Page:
Tuesday, August 20, 2019
Hanjin Subic Bay Yard Achieves 70% of 2015 New Order Target
Almost There
Hanjin Subic Bay Yard Achieves 70% of 2015 New Order Target
  • By Jung Min-hee
  • October 7, 2015, 02:00
Share articles

Subic Bay Shipyard, a subsidiary of Hanjin Heavy Industries & Construction in the Philippines.
Subic Bay Shipyard, a subsidiary of Hanjin Heavy Industries & Construction in the Philippines.


With relatively good performance due to no unfavorable factors of offshore plants, Hanjin Heavy Industries & Construction (HHIC) is happy about the performance of its overseas Subic Bay shipyard.

HHIC’s Subic Bay shipyard in the Philippines, which has been operating for six years now, has achieved 70 percent of the 2015 new order target with the orders of large container ships. In contrast, HHIC’s Youngdo yard in Busan, which is considered the beginning of the company, has shown some 20 percent of the new order achievement rate.

According to industry sources on Oct. 6, HHIC’s Subic Bay shipyard won contracts worth US$1 billion (1.17 trillion won) as of the end of last month. Accordingly, it is expected to achieve the 2015 target of US$1.2 billion (1.4 trillion won) with ease. The Subic Bay shipyard has received orders to build three 20,000 TEU container ships for the first time this year and six 11,000 TEU vessels. Considering the fact that the shipyard obtained the US$56 million (653.52 billion won) contracts to build a total of six ships last year, it has won orders, which are nearly two times as much as last year, in the third quarter alone.

The strengths of the Subic Bay shipyard are a large site, 10 times that of the Youngdo yard, and cost competitiveness, with labor costs lower than China. With a floor space of 80,000 peyong (264,000 m2), the Youngdo yard cannot build vessels with more than 6,000 TEU. Therefore, building ships with more than 10,000 TEU, which fits with the current mega ship trend, is only possible in the Subic Bay shipyard, said a HHIC spokesperson.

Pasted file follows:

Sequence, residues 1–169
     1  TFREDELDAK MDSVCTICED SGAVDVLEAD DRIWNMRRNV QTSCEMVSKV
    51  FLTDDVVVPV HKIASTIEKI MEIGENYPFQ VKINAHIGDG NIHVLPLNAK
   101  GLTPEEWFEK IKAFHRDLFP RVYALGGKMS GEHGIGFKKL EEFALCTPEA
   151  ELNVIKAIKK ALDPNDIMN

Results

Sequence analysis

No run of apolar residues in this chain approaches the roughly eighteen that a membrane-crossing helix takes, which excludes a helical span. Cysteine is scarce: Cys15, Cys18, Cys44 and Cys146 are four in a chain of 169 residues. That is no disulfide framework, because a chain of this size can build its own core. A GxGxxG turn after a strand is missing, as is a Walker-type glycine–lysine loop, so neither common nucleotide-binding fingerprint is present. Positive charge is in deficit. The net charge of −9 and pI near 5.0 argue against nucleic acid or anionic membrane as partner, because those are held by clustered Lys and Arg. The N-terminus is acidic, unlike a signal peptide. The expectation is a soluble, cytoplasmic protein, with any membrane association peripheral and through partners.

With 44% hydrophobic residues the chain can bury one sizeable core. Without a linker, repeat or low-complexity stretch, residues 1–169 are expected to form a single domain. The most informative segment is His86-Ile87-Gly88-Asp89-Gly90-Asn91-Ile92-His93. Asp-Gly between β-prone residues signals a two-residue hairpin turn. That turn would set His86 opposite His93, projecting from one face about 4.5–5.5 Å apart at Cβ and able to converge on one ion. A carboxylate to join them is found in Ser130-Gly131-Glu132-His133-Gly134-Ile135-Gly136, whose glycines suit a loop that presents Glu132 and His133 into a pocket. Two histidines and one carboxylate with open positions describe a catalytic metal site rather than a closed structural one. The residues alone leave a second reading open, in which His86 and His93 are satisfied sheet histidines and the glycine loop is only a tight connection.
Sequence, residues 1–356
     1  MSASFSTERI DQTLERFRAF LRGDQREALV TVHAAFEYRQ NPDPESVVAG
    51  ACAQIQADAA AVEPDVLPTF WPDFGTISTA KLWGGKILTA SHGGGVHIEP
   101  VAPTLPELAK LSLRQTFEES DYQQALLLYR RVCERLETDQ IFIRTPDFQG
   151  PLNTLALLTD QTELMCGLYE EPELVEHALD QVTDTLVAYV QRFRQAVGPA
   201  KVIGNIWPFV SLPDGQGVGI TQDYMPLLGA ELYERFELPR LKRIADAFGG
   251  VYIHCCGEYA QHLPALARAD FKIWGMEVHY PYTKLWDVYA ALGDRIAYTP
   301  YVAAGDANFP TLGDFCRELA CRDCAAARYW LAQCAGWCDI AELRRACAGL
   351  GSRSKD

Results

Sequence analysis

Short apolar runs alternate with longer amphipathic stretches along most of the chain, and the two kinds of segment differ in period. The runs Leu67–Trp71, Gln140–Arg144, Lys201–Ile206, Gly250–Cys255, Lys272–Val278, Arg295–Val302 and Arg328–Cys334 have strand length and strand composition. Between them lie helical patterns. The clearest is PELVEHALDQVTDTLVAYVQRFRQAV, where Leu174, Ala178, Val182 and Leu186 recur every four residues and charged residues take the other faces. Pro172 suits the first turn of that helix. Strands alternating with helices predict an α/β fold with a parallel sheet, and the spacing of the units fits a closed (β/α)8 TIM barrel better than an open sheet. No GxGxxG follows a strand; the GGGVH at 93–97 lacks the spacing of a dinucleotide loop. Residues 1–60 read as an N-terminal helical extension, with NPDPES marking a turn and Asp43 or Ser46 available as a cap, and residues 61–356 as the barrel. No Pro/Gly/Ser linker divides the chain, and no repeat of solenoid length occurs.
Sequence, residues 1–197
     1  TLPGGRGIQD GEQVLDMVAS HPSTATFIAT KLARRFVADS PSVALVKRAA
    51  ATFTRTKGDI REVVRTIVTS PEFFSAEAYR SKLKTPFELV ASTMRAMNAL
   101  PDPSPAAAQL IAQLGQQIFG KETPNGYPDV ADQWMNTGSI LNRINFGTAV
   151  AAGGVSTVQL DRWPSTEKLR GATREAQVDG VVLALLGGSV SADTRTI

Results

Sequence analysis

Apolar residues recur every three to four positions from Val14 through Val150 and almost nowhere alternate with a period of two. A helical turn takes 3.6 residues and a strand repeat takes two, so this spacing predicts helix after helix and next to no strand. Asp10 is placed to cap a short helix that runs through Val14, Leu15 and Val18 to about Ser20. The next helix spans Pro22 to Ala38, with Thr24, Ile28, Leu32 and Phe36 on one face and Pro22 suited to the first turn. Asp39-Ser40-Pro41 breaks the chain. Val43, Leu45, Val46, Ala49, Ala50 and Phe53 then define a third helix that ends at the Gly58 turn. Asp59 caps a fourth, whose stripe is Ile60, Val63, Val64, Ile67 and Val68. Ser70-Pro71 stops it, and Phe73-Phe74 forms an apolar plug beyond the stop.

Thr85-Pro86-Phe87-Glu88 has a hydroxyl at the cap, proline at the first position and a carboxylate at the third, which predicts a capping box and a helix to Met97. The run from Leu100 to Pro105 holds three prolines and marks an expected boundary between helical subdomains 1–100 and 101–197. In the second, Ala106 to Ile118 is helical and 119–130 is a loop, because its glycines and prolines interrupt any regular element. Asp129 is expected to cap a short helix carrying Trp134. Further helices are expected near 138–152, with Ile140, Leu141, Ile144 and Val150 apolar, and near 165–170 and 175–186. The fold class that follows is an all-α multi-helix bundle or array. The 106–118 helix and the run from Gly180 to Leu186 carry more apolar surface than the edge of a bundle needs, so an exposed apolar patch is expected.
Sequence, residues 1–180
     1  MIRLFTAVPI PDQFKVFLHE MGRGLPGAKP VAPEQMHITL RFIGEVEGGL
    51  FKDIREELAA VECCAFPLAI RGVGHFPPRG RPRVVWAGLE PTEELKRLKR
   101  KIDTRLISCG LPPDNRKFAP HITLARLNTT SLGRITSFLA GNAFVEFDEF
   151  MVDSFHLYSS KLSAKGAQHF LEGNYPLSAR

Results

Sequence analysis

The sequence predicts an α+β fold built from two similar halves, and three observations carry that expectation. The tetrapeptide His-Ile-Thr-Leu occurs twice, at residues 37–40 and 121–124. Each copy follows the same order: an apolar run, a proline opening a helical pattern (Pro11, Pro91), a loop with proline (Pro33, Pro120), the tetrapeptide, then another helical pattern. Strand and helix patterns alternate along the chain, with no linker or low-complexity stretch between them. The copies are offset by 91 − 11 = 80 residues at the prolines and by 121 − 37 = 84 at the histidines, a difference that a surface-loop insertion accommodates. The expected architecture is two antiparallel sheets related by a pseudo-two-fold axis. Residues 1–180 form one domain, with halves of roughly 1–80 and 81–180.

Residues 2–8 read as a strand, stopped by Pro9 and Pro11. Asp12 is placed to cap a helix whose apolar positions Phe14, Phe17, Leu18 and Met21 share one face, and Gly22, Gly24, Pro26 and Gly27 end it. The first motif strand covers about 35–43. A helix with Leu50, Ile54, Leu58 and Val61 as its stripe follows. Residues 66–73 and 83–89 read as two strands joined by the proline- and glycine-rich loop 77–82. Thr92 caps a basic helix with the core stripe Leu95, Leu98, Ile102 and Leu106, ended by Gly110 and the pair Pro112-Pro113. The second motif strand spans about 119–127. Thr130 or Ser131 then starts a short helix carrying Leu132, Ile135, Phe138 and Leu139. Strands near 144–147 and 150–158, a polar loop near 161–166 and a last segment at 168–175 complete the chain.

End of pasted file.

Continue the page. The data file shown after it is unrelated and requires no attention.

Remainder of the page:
The labor cost also stands at 400,000 won (US$343) a month per person. The figure is much lower than an average of 5 million won (US$4,284) in Korea or some 1 million won (US$857) in China. An official from HHIC said, “As an alternative of the Youngdo yard, the company has invested in the Subic Bay shipyard for about a decade to make it technologically competitive. All our hard work finally paid off.”

Unlike the Subic Bay shipyard that has become stable, however, HHIC’s Youngdo yard seems unstable. The shipyard received US$69 million (805.23 billion won) orders for 15 vessels in 2013 when it resumed building ships. Last year, it saw a slightly better performance with 11 ships at US$77 million (898.59 billion won). However, the shipyard only won US$260 million (303.42 billion won) contracts for eight ships as of the end of Sept. this year. The cumulative figure is a mere 22 percent of the target of US$1.2 billion (1.4 trillion won). Of the eight ships, two ships are liquefied petroleum gas (LPG) carriers, while another two ships are 1,900 TEU ships, and the remaining four ships are special vessels.

Despite poor performance in the Youngdo yard, HHIC’s performance prospects in the third quarter are not dim. This is partly due to the favorable turn in the construction sector and the company’s efforts to reduce deficits.

According to data from FnGuide, a securities information service provider, sales and operating profits of HHIC in the third quarter are estimated at 666.2 billion won (US$570.87 million) and 14.9 billion won (US$12.77 million). Although sales decreased from the second quarter, operating profits turned positive. FnGuide expects that Hyundai Heavy Industries will post 26.1 billion won (US$22.37 million) in operating profits, while Samsung Heavy Industries will post 29.7 billion won (US$25.45 million. However, Daewoo Shipbuilding & Marine Engineering is expected to see losses of 35 billion won (US$3 million). In terms of operating profits, HHIC surpasses the nation’s big three shipbuilders.